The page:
Please note: If something doesn’t make it into the final FAA reauthorization, some of these items can be made into individual bills at a future date. These are just a few of the items that may impact us and are not final.
- Improved notification of insecticide use in cabin
- Banning voice calls on planes
- Review of evacuation Standards
- Human Trafficking training expanded
- Seat Pitch and safety reform
- Secondary Flight Deck barrier
- Study of in-flight wheelchair restraint system
- Consumers with disability study (on board aircraft)
- Nursing rooms available at airports (does not go around state laws that protect fas to have nursing rooms available by their employer.)
- Study on Hims program (similar to FADAP -Flight Attendant Drug and Alcohol Program, HIMS is Alpa version )
- Ion-lithium batteries carried by passengers in cargo and cabin
- Mothers’ rooms at airports. (for medium and large airports/similar to House version )
- Safe transportation of lithium cells and batteries. (similar to House version)
- Review of cabin Evacuation procedures (similar to House version)
- Passengers with disabilities/wheelchairs (similar to House version)
- Review of Involuntary changes to passengers itineraries
- Airlines will have to disclose all baggage fee, cancellation fee, change fee, ticketing fee, and seat selection fee to all passengers purchasing a ticket
- Advance boarding during pregnancy
- Study of in-flight wheelchair system (similar to House version)
- Study on Minimum Seat pitch (similar to House version)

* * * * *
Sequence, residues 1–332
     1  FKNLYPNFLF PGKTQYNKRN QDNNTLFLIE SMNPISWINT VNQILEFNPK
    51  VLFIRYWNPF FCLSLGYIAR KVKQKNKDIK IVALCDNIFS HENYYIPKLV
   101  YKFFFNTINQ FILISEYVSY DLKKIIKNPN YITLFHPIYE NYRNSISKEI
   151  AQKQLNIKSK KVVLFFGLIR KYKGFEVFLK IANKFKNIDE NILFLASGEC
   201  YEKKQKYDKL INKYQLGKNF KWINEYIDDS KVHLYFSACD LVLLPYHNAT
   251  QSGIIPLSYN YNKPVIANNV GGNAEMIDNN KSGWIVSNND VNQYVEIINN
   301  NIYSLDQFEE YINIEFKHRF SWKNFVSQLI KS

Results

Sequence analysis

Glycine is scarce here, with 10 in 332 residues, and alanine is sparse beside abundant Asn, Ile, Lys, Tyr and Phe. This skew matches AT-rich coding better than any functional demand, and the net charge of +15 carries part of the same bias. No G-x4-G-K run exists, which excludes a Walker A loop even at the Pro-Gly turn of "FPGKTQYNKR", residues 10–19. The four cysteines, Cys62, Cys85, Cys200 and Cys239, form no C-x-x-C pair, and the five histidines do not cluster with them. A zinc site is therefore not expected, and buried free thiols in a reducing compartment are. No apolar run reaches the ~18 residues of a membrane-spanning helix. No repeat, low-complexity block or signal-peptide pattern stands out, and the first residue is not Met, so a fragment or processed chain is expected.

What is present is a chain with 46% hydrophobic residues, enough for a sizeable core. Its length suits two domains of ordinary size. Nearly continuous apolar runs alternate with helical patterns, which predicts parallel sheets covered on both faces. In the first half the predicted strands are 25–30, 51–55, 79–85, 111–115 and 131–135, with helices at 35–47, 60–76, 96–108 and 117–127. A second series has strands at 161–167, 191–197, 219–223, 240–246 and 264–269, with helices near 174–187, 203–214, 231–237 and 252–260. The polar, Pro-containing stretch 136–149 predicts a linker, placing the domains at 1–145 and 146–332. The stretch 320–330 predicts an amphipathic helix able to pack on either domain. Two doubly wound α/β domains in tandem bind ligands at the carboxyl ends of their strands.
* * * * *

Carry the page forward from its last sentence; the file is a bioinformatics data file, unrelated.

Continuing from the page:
- Mishandling of wheelchairs in cargo
- No cell-phone calls in aircraft cabins (similar to House version )
- Study of violence on airline employees from passengers
- Secondary barriers of the flight deck (similar to House version)
- Tickets ACT for passengers
What Happened March 8th 2017
On Wednesday, March 8th, Sara Nelson, International President of the Assoc of Flight Attendants testified in front of Congress to advocate for Flight Attendant rights. Some of the topics that were discussed at the hearing was the fight for minimum 10hrs rest, regional pay,#denynai, and phones on planes.(cell phone calls)
The FAA Reauthorization deadline is set for September 30,2017. Congress wants to get these items passed and sent to the Presidents’ Desk before that deadline.
The House Aviation subcommittee sent out an e-mail address asking for feedback from the aviation community.
Let’s step up and let our leaders in Washington know what it’s like to be a Regional Flight Attendant. This is important for our elected leaders to hear from Flight Attendants. Take a moment to write to the email address below and tell them the following:
- Explain your work environment (6 legs a day 14 hour days can be extended to 16).
- Explain your wages, benefits etc.
- Let them know that you need 10 hours rest with no reduction in rest, No phone calls on planes, DenyNAI, and we need better regional pay.
Just as a reminder, keep your professional and concise. Think of this as a wishlist to your leaders in Congress, and what FAR’S would you like changed. Congress can hear from lobby groups, in fancy suits, that don’t wear the uniform, and which absolutely do not represent our needs as front-line employees. If you would like an AFA government affairs rep, or union rep, to forward your story on to Congress and be left anonymous please feel free to forward info, we would be more than happy to do that. The e-mail address is firstname.lastname@example.org.